#KAIROS20 gathering galvanizes network and partners
In her keynote address during We are Unstoppable, the KAIROS youth event, author and activist Helen Knott mused on the word “kairos.”
“I think of it like Double Dutch with the two skipping ropes and you’re waiting for that moment to jump in – preparing for that moment in life,” she said.
To illustrate her point, Helen shared a story of overcoming her fear of public speaking to prepare herself for “jumping in” when called to do so. That moment came when she delivered her poem on Missing and Murdered Indigenous Women and Girls at a public event in her community. Her poem eventually made its way to Parliament Hill and was used in the preface of a report to the federal government by a special committee on violence against Indigenous women.
“I think of these kairos moments,” she said. “Sometimes they seem very small, but you don’t know where it’s going to lead, and it may take years to even know that impact. And you might not even know the ripples that it causes in the minds and hearts of people that are there.”
During this kairos time, KAIROS’ network and partners converged – virtually – on October 24 for the youth event, and from October 26 to 28 for a gathering to mark 20 Years of Spirited Action for Justice, part of KAIROS’ 20th anniversary celebrations that began July 1.
Stories of kairos moments, answering “the call”, and positive impacts were common threads that were woven throughout the gathering.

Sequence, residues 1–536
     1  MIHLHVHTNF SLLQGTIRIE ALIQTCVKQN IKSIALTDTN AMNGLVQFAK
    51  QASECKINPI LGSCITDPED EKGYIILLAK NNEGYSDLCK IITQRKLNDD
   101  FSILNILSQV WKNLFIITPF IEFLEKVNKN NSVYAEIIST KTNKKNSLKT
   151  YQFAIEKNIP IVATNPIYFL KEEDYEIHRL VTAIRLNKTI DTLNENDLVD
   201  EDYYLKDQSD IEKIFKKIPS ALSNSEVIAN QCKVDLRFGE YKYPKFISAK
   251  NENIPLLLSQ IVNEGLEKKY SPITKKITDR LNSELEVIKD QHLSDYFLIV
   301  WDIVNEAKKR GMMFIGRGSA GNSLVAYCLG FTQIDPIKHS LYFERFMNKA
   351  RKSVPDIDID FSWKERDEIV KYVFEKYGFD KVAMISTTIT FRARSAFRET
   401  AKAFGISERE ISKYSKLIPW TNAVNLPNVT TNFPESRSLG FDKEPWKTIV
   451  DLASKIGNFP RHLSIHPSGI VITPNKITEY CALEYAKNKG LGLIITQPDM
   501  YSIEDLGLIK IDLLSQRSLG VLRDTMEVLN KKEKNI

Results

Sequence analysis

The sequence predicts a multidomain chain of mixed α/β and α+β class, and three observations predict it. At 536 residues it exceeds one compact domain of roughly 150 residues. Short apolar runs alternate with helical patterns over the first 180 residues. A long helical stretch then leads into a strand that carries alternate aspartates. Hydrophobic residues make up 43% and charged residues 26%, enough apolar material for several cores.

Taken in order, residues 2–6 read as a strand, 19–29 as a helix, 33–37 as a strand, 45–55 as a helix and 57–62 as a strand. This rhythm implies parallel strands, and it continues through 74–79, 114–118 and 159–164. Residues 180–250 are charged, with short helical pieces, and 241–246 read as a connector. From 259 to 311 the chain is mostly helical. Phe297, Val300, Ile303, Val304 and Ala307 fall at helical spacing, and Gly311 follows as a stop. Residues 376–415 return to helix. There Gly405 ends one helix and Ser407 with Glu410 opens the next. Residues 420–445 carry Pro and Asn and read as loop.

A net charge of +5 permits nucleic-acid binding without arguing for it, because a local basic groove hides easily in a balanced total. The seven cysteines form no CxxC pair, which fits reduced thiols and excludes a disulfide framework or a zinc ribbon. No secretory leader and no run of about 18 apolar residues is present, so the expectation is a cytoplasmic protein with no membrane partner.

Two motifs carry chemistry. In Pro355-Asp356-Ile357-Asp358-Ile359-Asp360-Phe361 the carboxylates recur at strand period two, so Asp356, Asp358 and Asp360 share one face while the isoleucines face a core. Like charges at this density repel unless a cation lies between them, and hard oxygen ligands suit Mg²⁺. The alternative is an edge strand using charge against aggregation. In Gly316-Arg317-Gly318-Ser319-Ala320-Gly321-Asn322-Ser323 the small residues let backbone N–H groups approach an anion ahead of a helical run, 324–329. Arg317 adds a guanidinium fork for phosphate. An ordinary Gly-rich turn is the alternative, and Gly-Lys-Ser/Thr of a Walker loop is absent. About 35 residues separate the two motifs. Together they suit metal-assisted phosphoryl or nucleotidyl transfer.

Elder Barbara Dumont-Hill opened the Gathering in a good way by reflecting on a critical kairos moment in nature that serves as the foundation for growth.
“We are getting close to the end of the Trout Moon here in Algonquin Territory,” she said. “The Trout Moon represents love, hope, community, and better times to come. The water is at the right temperature and it’s the males and females coming together at the right moment for the growth of the trout and feeding many people. This foundation is so important.”
In her reflection on KAIROS’ first 20 years during the opening plenary, Ivonne Yanez spoke of the vital partnership between her organization, Acción Ecológica in Ecuador, and KAIROS.
“We see that organizations of the north are not empathetic enough or do not understand the situation in the south,” she said. “Fortunately, with KAIROS it’s the complete opposite. There has always been a very intimate relationship in all the paths we have taken together…. In 2003, with KAIROS, we published a small book called No more looting and destruction: We the Peoples of the South are Ecological Creditors. It was important at that time because Acción Ecológica and KAIROS were working together to talk about the environmental debt in the world. It was very symbolic that KAIROS, coming from Canada, was coming together with us to work on this idea. We were also recognizing that the industrialized countries of the north, in this case, Canada, owed something to a country like Ecuador. It would not have been possible to walk together without the help of [the late KAIROS employee] John Dillon.”